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article imageVivaldi CEO attacks Google for 'evil' monopoly over online ads

By James Walker     Sep 4, 2017 in Technology
Vivaldi CEO Jon von Tetzchner has penned an attack on Google's alleged "misuse of power" online. In a sharply written blog post, he explained how Google appeared to cancel Vivaldi's ad campaigns after he spoke out about its data collection policies.
Vivaldi said its AdWords campaigns were "suspended without warning" days after von Tetzchner was interviewed in a WIRED article. In the article, he expressed his concerns about the data gathering and ad targeting campaigns widely used by Vivaldi's digital rivals. In particular, von Tetzchner discussed Google and Facebook, the two biggest ad providers widely seen to dominate the market.
Vivaldi tried to reach out to Google to resolve the situation. In its blog post today, the company presented Google's response as harsh and deliberately intended to compromise its business. Vivaldi ultimately had to "bend to their requirements" before its campaigns were reinstated, shifting its website content about and changing how it stated key pieces of information.
Von Tetzchner's now taking the situation public. He called for tighter regulation around extremely large digital service providers, describing Google as a "bully" that intentionally impedes the progress of rivals. Attacking the company for no longer being the "geeky, positive company" it started out as, von Tetzchner said antitrust investigations into Google are warranted.
"A monopoly both in search and advertising, Google, unfortunately, shows that they are not able to resist the misuse of power," wrote von Tetzchner. "I am saddened by the makeover of a geeky, positive company into the bully they are in 2017. I feel blocking competitors on thin reasoning lends credence to claims of their anti-competitive practices. It is also fair to say that Google is now in a position where regulation is needed. I sincerely hope that they'll get back to the straight and narrow."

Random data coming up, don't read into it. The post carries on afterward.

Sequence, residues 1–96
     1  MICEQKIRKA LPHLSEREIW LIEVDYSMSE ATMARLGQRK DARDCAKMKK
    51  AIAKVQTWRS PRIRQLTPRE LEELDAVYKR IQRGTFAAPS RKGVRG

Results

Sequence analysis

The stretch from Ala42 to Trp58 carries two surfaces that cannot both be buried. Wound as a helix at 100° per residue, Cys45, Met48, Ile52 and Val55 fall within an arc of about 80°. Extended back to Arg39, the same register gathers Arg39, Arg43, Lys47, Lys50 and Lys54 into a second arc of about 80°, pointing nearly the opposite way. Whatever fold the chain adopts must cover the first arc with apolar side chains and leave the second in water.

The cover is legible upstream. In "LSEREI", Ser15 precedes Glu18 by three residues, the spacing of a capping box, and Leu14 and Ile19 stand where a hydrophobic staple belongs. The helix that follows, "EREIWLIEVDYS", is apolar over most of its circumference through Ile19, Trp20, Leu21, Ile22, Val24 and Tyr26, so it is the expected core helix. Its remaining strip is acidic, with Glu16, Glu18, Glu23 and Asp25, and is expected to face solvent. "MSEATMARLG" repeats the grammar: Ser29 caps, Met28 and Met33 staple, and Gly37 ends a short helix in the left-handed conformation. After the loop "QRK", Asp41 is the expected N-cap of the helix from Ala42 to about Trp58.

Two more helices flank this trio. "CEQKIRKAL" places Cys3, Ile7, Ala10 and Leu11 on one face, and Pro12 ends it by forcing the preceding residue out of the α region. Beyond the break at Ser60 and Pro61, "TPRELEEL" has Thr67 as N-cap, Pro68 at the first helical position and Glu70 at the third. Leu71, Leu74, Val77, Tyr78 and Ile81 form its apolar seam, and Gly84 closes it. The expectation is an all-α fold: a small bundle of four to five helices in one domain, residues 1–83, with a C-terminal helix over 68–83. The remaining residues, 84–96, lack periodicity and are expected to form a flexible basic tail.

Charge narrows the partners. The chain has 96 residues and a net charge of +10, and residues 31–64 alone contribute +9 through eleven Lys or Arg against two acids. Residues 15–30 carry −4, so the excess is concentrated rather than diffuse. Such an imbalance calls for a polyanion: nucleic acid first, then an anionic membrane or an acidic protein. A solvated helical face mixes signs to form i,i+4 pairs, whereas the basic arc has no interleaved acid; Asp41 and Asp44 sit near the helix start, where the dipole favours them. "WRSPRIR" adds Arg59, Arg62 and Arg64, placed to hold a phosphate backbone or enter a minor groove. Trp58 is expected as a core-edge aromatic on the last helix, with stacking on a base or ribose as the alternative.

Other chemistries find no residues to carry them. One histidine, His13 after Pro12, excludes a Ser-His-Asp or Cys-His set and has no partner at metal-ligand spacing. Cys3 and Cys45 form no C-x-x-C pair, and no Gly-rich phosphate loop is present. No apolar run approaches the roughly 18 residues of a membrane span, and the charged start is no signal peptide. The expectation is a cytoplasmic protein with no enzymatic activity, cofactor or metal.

Vivaldi is based on Google's open-source Chromium browser engine so it supports largely the same features as Google Chrome. Despite the shared core, Vivaldi has to "hide" its identity when logging into Google services. According to the company, Google intentionally makes its own websites, such as Docs and Drive, less compatible with other browsers. The limitations still apply to Chromium-based software that's essentially running Google code underneath.
Von Tetzchner hasn't specified whether Vivaldi's seeking further action against Google in the light of the AdWords suspension. The company's account has now been restored, three months after it was first limited. Vivaldi said it still hasn't received a full explanation from Google and accused the search giant of acting hypocritically. Some of the practices it forced upon Vivaldi it allegedly ignores itself, furthering von Tetzchner's claims that Vivaldi was deliberately targeted.
More about Google, Vivaldi, Web browsers, online ads, Advertising
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